At the same time, the piston 105 in the right hand shock absorber will tend to move downwardly and fluid will be displaced upwardly into the chamber 106 from the chamber 107 through opening of the respective shock absorbing check valve 108 in the right hand piston 107. This causes flow to occur from the conduit 119 into the chamber 106 of the right hand shock absorber to make up the volume.

Since the accumulator chamber pistons 122 associated with the chambers 114 and 155 tend to move in opposite directions under this type of loading, but are restrained by the interconnecting member 128, the fluid flow actually occurs through the pressure controlling accumulator 251. That is, fluid will flow from the conduit 118 through the fitting 301 to open the check valve 287 and pressurize the accumulator chamber 258 of the flow controller 251. This pressure then will open the valve 286 and cause flow from the chamber 258 to the right hand shock absorber through the conduit 119. As a result, this movement is dampened by the flow through the flow controlling device 251 similar to the preceding embodiments. However, the dampening action will be caused by the pressure resistance of the check valves 287 and 286 which are indicated ΔP1 and ΔP2 respectively. This then controls the damping in this direction. It should be noted that the dampening of the valves 286 and 287 may be made different from each other. For example, if the resistance of the outflow check valves 286 is made larger than that of the inlet check valves 287, then it is possible to make the resistance against expansion of the right hand shock absorber less than the example given so as to restrain the inside of the vehicle body from rolling and the transient rolling properties of the entire vehicle body is reduced.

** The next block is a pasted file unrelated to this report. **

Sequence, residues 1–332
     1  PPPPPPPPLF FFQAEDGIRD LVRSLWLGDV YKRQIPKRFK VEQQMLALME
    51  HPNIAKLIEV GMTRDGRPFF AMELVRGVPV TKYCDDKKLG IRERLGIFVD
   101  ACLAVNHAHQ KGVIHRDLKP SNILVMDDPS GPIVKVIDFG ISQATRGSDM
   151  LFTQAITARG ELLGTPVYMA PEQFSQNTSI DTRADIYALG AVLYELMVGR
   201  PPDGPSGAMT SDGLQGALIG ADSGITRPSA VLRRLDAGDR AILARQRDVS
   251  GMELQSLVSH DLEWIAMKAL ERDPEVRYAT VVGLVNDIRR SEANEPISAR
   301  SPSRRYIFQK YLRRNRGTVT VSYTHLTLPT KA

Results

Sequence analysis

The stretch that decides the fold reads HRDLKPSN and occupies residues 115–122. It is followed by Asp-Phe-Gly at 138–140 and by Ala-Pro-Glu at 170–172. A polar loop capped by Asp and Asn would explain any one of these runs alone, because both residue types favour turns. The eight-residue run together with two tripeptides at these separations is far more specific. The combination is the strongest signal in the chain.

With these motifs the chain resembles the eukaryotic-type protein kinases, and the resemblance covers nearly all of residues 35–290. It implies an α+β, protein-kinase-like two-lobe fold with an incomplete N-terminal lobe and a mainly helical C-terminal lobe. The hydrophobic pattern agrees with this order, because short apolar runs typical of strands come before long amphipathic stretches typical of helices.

Also it is possible to restrain initial rolling and improve responsiveness by changing the dampening at the throttle member of the flow controller provided by the needle valves 292.

During this operation there may be some movement of the pistons 122 in the accumulator chambers 114 and 155, depending upon the total affect of the system, and it is to be understood that those skilled in the art can readily understand how with the disclosed structure the desired suspension characteristics can be retained to prevent vehicle movements in response to vehicle forces as opposed to forces encountered by the wheels when striking objects.

Vehicle Applications